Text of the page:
Having spent the last two seasons with Belkin and the two seasons before that in the Saxo set up, David Tanner continues his career in the WorldTour with IAM Cycling in 2015, which is a move the Australian is delighted to have made.
"I'm really excited and motivated about the new team and looking forward to working for the leaders there," Tanner told Cyclingnews. "Hopefully I'll get my own chance every now and then to try for myself which is always good as well. I'm back to working with my old coach Ben Day and we are making a few changes to how I do things which seem to be working well, so I'm looking forward to next year."
The 2014 season is one that Tanner won't look back on too fondly after injury ended any hopes on building on an encouraging tenth place at the Australian nationals in early-January.
"To be honest this hasn't been the best of years, but it's been a year of learning and gaining experience, so I least gained that from 2014," Tanner said of how he judged his season. "I worked fairly hard over the winter and was in good condition for January as that was the plan, but the nationals didn't go very well and I crashed heavy in stage 1 of Tour Down Under (TDU) and broke my collarbone. I never seemed to get it back to a good level for the rest of the year."
While recovering from his broken collarbone, the form and condition that Tanner had built over the pre-season started to disappear, forcing him to play catch-up for the remainder of the year.
"January was a big disappointment. Over the past few years I'd gained enough confidence to give January in Australia a good crack, which together with the team was what we decided to do," he said. "I knew what we were up against for the nationals and in the end that just turned out to be a big hit out for TDU. But it was disappointing to crash out on the first stage and not know how I could have gone with the form I had. It was the first time I'd really gone to Adelaide with ambition and a good level."
Despite the disappointments of 2014, Tanner reiterated that the season wasn't a complete write off with plenty of lessons to be learned from his fourth year at the top level of the sport.
"I never got back to the same level I had in January. Through some mistakes I made in training and other problems I had during the year," he said. "But like I said, it's all learning and experience and I hope the same mistakes and problems won't be repeated in the future."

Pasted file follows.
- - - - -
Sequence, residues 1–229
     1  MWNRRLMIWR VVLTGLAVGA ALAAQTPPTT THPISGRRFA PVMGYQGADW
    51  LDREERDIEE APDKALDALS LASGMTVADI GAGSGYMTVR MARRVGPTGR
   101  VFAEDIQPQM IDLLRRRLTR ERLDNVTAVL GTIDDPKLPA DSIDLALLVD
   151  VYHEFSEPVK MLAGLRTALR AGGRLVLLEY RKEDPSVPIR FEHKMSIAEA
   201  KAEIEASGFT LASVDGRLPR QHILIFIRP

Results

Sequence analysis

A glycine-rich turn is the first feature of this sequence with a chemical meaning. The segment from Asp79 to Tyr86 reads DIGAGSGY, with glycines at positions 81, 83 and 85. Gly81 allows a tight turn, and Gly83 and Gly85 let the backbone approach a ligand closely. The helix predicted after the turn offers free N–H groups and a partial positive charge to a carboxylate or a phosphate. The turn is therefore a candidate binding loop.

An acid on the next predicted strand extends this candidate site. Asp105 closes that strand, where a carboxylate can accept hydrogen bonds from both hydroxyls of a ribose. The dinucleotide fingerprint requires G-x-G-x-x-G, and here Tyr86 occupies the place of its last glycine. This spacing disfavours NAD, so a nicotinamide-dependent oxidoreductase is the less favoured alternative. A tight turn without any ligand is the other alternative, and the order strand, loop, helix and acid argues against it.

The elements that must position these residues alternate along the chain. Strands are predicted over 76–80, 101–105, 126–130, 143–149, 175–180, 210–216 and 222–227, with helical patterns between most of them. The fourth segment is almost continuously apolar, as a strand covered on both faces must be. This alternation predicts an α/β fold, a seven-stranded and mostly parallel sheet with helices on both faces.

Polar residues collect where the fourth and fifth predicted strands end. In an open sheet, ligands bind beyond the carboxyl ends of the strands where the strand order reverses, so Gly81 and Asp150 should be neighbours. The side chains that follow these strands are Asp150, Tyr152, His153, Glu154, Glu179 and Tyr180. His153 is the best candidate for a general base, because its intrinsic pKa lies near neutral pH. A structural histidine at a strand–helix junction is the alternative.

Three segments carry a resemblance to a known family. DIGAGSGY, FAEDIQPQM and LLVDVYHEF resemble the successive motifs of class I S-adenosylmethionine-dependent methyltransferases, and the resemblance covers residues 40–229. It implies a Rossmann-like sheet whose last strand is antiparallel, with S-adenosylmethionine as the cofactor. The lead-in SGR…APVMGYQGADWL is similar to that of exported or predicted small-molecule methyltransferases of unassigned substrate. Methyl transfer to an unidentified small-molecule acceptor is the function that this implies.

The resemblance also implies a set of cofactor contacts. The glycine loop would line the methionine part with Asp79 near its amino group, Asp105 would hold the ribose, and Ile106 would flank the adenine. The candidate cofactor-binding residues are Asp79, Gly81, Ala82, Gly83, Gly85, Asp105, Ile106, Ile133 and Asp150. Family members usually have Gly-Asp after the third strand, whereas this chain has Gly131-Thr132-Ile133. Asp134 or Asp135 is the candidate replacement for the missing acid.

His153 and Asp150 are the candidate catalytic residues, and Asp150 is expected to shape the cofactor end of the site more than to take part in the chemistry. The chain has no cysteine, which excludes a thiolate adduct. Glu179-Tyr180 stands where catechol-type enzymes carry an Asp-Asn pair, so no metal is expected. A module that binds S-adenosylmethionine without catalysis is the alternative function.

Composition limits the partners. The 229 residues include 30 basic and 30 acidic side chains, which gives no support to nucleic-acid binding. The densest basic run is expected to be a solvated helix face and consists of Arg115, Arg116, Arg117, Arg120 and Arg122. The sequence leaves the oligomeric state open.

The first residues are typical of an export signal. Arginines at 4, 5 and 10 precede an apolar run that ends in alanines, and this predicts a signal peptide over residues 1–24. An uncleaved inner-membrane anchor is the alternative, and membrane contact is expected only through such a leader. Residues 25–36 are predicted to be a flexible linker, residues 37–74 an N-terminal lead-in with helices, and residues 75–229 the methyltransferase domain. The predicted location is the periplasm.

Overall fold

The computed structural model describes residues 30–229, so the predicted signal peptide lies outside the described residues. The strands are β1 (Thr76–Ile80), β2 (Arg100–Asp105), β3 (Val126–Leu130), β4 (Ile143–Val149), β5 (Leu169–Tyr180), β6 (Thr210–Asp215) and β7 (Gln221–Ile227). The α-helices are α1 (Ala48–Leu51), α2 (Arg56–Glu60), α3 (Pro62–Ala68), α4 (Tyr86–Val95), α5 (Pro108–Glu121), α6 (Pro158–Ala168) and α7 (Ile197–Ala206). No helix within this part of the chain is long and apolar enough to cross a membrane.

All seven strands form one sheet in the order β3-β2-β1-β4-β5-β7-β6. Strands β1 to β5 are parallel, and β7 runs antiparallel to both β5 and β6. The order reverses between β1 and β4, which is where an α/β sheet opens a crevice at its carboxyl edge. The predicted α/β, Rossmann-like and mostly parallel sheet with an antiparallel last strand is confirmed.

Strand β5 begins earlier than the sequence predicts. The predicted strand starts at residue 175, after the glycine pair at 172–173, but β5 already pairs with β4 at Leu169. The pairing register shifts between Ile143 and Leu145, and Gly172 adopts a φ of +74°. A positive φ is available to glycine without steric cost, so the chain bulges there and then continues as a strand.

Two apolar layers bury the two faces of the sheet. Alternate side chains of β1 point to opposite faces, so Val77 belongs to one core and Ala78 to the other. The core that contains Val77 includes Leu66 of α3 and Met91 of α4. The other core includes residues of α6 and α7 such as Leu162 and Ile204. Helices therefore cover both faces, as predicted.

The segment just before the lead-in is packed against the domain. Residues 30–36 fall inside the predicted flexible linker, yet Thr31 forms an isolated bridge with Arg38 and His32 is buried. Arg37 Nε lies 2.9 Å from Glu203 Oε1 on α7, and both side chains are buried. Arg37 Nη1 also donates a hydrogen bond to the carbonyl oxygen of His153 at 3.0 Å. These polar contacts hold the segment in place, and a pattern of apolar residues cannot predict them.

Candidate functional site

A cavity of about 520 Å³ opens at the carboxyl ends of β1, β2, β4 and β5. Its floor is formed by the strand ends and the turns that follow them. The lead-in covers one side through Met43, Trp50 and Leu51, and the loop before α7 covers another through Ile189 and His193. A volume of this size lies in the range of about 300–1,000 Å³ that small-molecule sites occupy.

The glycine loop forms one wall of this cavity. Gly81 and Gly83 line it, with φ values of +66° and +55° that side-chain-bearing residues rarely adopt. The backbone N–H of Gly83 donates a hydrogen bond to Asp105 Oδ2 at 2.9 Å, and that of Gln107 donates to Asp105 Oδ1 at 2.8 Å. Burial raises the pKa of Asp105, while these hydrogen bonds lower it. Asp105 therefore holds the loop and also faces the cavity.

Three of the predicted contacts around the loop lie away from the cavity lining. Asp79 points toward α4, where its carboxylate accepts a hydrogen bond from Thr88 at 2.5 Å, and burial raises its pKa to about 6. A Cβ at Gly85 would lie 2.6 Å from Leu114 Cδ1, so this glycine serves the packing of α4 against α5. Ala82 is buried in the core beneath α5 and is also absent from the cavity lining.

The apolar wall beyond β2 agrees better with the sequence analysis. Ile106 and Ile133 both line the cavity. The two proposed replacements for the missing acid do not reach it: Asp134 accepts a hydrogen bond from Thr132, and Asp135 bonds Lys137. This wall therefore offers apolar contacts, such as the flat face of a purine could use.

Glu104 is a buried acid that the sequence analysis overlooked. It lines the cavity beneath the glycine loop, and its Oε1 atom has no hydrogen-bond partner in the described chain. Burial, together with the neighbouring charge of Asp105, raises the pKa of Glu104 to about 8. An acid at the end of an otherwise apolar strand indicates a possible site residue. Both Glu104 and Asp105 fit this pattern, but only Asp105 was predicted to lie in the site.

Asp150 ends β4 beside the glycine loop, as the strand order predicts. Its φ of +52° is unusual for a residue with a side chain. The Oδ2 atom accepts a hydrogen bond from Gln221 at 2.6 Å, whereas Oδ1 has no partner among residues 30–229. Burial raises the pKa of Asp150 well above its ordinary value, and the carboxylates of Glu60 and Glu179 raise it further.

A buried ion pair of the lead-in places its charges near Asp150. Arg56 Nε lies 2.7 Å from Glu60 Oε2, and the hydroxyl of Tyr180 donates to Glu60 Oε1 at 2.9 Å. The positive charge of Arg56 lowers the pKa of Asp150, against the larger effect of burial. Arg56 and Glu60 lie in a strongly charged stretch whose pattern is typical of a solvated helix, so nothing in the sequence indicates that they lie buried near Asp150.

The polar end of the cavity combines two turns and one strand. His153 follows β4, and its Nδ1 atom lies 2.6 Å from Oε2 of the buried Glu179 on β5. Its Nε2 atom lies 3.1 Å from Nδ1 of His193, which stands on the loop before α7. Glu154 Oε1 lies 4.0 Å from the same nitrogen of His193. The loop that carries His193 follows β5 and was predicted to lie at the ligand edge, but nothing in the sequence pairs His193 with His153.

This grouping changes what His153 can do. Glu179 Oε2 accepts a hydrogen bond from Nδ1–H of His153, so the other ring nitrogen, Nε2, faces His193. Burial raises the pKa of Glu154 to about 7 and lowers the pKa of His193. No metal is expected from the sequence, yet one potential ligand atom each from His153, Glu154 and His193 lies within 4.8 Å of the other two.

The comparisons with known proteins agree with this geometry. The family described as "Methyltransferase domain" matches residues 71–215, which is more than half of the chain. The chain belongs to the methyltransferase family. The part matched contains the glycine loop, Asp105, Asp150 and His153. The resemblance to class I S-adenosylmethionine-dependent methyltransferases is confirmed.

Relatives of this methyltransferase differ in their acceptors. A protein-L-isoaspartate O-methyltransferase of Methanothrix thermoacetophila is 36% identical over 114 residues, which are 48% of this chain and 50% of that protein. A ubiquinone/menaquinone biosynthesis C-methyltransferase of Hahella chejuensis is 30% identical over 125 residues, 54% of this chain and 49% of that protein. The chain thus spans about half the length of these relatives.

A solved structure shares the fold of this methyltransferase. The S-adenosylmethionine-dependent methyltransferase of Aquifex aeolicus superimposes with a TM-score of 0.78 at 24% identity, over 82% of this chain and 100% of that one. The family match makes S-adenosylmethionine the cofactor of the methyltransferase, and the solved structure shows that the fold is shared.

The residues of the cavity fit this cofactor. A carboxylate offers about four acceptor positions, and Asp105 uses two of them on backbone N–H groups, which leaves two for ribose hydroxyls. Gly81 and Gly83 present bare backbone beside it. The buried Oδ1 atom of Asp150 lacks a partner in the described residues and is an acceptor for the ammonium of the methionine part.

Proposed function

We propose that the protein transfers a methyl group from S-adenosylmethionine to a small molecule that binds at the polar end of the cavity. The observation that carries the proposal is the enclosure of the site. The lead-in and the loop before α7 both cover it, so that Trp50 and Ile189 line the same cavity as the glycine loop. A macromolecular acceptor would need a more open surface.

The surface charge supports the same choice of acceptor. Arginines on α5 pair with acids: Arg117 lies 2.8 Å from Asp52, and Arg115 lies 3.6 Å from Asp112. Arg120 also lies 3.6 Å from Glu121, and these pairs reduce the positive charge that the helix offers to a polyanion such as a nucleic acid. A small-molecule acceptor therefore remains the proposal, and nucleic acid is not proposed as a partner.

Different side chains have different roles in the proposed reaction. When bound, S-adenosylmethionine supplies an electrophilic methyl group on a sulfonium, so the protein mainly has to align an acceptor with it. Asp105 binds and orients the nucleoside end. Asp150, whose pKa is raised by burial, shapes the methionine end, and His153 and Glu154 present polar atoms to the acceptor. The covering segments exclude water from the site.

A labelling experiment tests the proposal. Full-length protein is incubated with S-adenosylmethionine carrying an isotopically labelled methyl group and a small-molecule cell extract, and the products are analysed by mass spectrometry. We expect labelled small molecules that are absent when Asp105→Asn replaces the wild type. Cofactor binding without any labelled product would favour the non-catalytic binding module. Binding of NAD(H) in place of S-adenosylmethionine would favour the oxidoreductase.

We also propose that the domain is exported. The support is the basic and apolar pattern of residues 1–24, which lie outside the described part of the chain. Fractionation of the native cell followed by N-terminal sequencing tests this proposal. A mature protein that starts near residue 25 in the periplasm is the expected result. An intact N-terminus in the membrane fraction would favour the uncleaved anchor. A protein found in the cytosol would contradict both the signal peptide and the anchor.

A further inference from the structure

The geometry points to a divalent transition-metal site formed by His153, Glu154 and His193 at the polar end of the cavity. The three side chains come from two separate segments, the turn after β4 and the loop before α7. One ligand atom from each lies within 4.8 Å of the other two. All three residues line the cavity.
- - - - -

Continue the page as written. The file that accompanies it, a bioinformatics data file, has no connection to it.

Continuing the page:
After the Tour Down Under, it took three attempts before Tanner finished a race with a number against his name, recording a DNS, OTL and DNF before finishing 144th at La Flèche Wallonne. Four days later and he was 132nd at Liège–Bastogne–Liège. It was the second straight year that Tanner had done all three of the Ardennes classics, the other being the Amstel Gold Race, which was a special week for the 30-year-old as he explained.
"The Ardennes races are my favourite of the year, as a young kid growing up, I dreamt of doing those races and it something I really enjoy working towards," he said. "It's my favourite terrain to race in and the whole atmosphere is incredible."
Despite a lack of racing kilometres in his legs, Tanner's next outing was a debut appearance at the Giro d'Italia, helping teammate Wilco Kelderman finish seventh overall.
The three week race was the closest thing resembling a highpoint of the season as Tanner explained.
"There wasn't really a highlight to be frank," he said. "I was proud to finish the Giro. I wasn't really in good shape going in to it and suffered most of the race far more than usual. I was forced to change saddles after the third stage and I don't respond well to stuff like that. There were plenty of moments after a few crashes, and as I was not feeling good on the bike, I wanted to go home.
"But I was determined to stay and do what I could for our leader Wilco Kelderman and not have a DNF beside my name. So I guess that was my highlight, even though not a very good one."
Tanner is looking to start the 2015 season in the best way possible with his new team as he looks "to get back to the level I had last year for a start," and will do on home soil. Something he isn't taking for granted.
"The nationals and TDU are back on the calendar, so I'll head back to Australia just before Christmas which will be nice to see the family and friends and have another go at the races back there in January," he said. "Being an Aussie we don't get many opportunity's to race at home so I'm looking forward to it."